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Pakistan’s multiple crises

Imtiaz Gul
An international conference at Oxford University on May 10 looked at the possible opportunities that may arise out of the multiple crises that Pakistan currently faces. During proceedings and presentations, the 27 speakers — including those from Pakistan, the US, Germany, Canada and the UK — dilated on the security, economy, sociology and foreign relations of Pakistan. Much of the talk centred around the crisis of governance, insecurity, energy issues, ethnic and nationalistic conflicts and Pakistan’s policy discord with India, the US and its skewed policy towards Afghanistan. Ironically, even relatively optimistic speakers predicated their projections on several ‘ifs’ and ‘buts’.

Convened by the Quaid-e-Azam fellow at St Anthony’s College, Oxford University, Dr Ishtiaq Ahmed, the conference drew prominent intellectuals from all places mentioned above, aiming to generate interest to re-engage Pakistan’s challenges at the intellectual, academic and policy level.

Pakistan’s disparate education system and the sociopolitical distortions it has brought about also featured prominently in the discussions, with Mosharraf Zaidi and Professor Saeed Shafqat underlining that the near abdication of quality and values’ education by the state had stymied public sector educational institutions’ progress.

The mantra of private schools being the panacea for the education sector’s ills must be dispensed with, Zaidi said, underlining the need to regularise all private schools and introducing a unified and harmonious curriculum, at least on religion, history and language.

One of the formidable challenges for Pakistan, as speakers pointed out, is the change of guardsin the capitals of Pakistan’s eastern and western neighbours. They cautioned that with the possible elevation of Narendra Modi as the Indian premier and with a new president in Afghanistan, the Pakistani civilian and military leadership needed to review its existing prism on both countries and come up with a pre-emptive, bold and forward-looking policy of constructive engagement.

Based on his own research and interactions with Pakistani and Indian experts, Hannes Ebert of the German Institute of Global and Area Studies (GIGA) argued that a lack of boldness on the part of the Indian leadership is one of the core issues that dogs bilateral issues as the leadership wants to talk but not negotiate.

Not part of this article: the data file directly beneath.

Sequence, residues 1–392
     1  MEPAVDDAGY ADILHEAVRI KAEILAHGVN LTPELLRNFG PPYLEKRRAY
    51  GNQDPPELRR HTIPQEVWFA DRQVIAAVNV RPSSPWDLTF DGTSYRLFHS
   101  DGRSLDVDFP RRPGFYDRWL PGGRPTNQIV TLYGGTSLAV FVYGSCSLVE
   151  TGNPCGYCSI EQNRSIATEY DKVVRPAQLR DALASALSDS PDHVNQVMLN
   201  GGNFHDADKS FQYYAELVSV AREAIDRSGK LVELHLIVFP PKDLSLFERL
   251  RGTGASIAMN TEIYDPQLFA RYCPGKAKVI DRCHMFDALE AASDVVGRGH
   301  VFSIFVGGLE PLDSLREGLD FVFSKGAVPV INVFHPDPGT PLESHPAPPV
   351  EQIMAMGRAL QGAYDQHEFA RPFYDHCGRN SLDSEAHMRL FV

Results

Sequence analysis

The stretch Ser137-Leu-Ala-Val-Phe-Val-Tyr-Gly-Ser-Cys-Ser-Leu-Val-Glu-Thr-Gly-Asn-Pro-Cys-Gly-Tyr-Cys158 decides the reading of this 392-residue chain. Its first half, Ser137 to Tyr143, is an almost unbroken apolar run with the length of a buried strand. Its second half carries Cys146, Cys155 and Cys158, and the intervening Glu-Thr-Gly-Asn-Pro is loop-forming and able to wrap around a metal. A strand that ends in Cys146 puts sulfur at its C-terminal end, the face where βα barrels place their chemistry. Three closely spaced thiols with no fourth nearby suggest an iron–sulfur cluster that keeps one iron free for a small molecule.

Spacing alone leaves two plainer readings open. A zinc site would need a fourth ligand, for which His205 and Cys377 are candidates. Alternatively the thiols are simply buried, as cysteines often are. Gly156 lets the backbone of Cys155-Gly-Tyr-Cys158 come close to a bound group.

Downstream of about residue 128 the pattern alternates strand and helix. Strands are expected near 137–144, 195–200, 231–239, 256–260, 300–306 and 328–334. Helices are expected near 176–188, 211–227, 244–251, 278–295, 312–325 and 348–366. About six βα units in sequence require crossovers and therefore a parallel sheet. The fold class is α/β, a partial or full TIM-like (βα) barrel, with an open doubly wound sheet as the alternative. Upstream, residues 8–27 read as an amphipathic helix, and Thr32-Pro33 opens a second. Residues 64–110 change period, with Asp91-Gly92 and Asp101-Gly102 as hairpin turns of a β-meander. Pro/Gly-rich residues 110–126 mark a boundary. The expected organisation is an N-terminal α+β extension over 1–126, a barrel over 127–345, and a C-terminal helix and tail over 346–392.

Ebert added that India-Pakistan relations have been frequently beset by shocks like the Kargil conflict 1999, Brasstacks in 1986, attacks on the Indian parliament building in December, 2001 and the Mumbai attacks of 2008.

Unfortunately, even shocks and external pressures, such as those by the US, haven’t caused any major reorientation in Pakistan’s India policy which, he said, is not likely to change in the short run. Bad news for Pakistan’s long-term interests, other speakers pointed out.

Pakistan’s lacklustre and incoherent response to terrorism, militancy and radicalisation also came under sharp focus. Chairman of the Forum for International Relations’ Development (FIRD), Toaha Qureshi, argued in favour of the UK model of counter-radicalisation which was rooted in principles of containment and engagement in which the community at large participates.

Following on the themes propounded by Zaidi and Shafqat, Qureshi also dwelled on the dire need for good education, saying that  “radicalisation is to be tackled by education, dialogue and firm rehabilitation rather than military and war-like action”. This approach involves a social and religious mentoring process, involves free education, skill-based training and employment and enterprise opportunities.

Interestingly, nearly all speakers, including Dr Rasul Bakhsh Rais, underscored the need for enforcing rule of law as the primary pre-requisite to take on the many crises that afflict Pakistan today. Crises can turn into opportunities only if the rule of law and a strict focus on education can move in tandem. The ruling elites have to make that conscious decision today, speakers emphasised. Quality education today, or doom tomorrow, was the unanimous message.

Imtiaz Gul is the executive director of the independent Centre for Research and Security Studies

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